By MCN Editor


The Chicago Film Critics Association, a group of over 50 Chicago-area print, online and broadcast critics that has celebrated and promoted the art of film for over 20 years, is pleased to announce the first annual Chicago Critics Film Festival, a three-day collection of more than 20 features and short films comprised of recent festival favorites and as-yet undistributed works, all receiving their Chicago premieres and covering a wide variety of genres. The festival is at the Muvico Theaters Rosemont 18 from April 12-14, 2013.

This will be the first time a film critics group has hosted its own film festival. One of the film critic’s jobs is to spotlight works that do not have the benefit of big promotions, and that is the idea behind this festival. The CFCA plans to make this the first of an annual series sharing films we genuinely love and exposing a wider audience to features, documentaries and short films that either do not yet have theatrical distribution or could use an extra push.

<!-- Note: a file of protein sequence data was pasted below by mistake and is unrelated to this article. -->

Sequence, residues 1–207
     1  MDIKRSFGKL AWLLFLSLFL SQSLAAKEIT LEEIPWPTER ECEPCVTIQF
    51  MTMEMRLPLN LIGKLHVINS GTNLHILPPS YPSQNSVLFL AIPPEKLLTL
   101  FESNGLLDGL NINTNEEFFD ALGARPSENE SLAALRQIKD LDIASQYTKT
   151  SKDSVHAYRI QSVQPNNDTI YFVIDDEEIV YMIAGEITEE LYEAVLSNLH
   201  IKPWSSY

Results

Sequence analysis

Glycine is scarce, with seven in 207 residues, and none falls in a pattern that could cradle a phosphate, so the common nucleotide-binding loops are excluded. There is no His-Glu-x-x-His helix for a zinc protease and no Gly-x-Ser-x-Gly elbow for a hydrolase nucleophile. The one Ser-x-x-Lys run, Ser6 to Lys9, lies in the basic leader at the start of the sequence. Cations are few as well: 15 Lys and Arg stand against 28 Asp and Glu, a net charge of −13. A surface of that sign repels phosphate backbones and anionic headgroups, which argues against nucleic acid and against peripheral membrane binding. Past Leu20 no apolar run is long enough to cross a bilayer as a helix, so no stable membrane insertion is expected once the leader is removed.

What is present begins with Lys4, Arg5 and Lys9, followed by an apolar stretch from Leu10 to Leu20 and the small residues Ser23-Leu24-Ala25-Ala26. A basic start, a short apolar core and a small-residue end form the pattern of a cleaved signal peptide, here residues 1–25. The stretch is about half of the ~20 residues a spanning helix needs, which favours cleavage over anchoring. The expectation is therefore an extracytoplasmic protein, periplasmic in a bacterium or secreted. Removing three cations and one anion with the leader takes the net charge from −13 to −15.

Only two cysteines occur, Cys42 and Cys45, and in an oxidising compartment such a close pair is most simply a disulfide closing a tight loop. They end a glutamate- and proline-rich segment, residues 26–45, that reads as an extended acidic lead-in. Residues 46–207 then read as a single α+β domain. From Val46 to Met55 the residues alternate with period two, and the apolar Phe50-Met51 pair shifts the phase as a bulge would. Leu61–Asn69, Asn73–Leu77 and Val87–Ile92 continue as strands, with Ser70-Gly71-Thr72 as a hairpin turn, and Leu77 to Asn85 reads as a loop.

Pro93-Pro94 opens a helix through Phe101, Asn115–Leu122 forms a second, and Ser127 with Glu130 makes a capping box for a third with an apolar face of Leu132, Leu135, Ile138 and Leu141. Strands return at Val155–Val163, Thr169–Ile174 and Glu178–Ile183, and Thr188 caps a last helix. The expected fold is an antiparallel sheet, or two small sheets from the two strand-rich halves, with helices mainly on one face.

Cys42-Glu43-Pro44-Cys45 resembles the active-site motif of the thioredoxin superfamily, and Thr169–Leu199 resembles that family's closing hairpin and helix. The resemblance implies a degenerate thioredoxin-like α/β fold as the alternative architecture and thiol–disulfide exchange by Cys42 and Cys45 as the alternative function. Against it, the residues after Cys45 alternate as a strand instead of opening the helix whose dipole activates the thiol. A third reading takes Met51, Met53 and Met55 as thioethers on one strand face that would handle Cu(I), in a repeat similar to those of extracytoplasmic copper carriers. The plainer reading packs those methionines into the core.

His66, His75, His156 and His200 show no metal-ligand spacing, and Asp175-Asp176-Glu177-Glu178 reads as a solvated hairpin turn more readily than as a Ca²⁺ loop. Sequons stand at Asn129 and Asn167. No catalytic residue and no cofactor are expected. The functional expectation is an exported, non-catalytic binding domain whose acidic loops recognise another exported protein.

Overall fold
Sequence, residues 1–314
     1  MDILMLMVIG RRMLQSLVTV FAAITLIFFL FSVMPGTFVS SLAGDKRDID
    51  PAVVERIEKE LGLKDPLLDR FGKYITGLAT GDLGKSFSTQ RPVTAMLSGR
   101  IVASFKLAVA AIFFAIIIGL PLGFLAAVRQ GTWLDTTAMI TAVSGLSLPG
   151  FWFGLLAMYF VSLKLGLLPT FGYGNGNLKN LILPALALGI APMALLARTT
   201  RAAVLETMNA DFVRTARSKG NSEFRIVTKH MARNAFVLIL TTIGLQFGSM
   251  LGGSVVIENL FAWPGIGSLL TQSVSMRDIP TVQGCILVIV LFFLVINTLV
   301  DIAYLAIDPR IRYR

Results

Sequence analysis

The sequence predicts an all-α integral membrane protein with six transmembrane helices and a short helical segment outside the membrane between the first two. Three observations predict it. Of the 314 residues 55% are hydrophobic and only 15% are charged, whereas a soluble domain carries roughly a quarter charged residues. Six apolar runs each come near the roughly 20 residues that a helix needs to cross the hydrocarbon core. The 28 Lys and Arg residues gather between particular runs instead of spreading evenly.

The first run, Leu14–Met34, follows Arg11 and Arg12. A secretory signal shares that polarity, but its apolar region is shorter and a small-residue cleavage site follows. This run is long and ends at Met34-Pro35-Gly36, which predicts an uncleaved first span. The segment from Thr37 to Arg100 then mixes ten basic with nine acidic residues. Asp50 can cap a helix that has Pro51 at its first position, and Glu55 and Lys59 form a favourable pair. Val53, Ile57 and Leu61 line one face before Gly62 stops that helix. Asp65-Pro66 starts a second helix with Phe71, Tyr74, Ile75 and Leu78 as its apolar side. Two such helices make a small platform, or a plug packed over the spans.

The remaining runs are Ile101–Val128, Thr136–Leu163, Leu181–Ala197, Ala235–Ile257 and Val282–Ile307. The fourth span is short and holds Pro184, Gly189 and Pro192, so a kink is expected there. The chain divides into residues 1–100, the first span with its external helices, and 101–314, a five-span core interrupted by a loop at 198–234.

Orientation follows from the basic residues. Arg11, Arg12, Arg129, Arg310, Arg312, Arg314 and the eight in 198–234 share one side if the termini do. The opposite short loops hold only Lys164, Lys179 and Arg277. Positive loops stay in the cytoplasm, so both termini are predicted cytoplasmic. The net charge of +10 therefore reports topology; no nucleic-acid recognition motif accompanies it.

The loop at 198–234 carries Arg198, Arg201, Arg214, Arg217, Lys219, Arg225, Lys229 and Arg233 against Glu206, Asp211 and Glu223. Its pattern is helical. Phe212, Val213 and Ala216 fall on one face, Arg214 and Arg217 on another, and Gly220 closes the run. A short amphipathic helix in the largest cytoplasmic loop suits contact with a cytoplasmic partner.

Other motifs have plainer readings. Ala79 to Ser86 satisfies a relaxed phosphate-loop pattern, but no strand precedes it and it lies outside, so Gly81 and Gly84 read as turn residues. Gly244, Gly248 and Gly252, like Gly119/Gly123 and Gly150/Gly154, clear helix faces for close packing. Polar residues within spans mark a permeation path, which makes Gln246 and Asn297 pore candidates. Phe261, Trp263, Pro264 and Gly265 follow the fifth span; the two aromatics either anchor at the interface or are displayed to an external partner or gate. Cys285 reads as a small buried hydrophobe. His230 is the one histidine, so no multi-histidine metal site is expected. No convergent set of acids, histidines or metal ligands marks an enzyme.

Oscar-winning director William Friedkin will make an appearance Sunday evening to sign copies of his newly published memoir “The Friedkin Connection” and participate in a Q&A following a screening of one of his classic films. The inaugural festival will kick off with Oscar-nominated actress-filmmaker Sarah Polley (“Away from Her,” “Take This Waltz””) on hand to present the local premiere of her latest film, “Stories We Tell.” For the closing night spot, the festival is proud to present the Sundance favorite “The Spectacular Now,” co-starring Golden Globe nominee Shailene Woodley.

Other films already confirmed for the festival include the coming-of-age comedy “The Kings of Summer” (featuring Chicagoan Nick Offerman from television’s “Parks and Recreation”), “I Declare War,” a trippy action-comedy in which a children’s war game is seen exclusively through the eyes of its participants, the Slamdance award-winner “The Dirties,” “The Institute,” a documentary about an Alternate Reality Game in which the real and the fictional merge together in unexpected ways, the family saga “I Used To Be Darker,” the romantic drama “Leave Me Like You Found Me” (with director Adele Romanski scheduled to attend), the off-beat superhero tale “Sparks” and the inspirational documentary “When I Walk.” In addition, two programs of short films are scheduled that will feature selections from around the world, including entries from students at Chicago’s Columbia College. Other films and guests will be announced soon.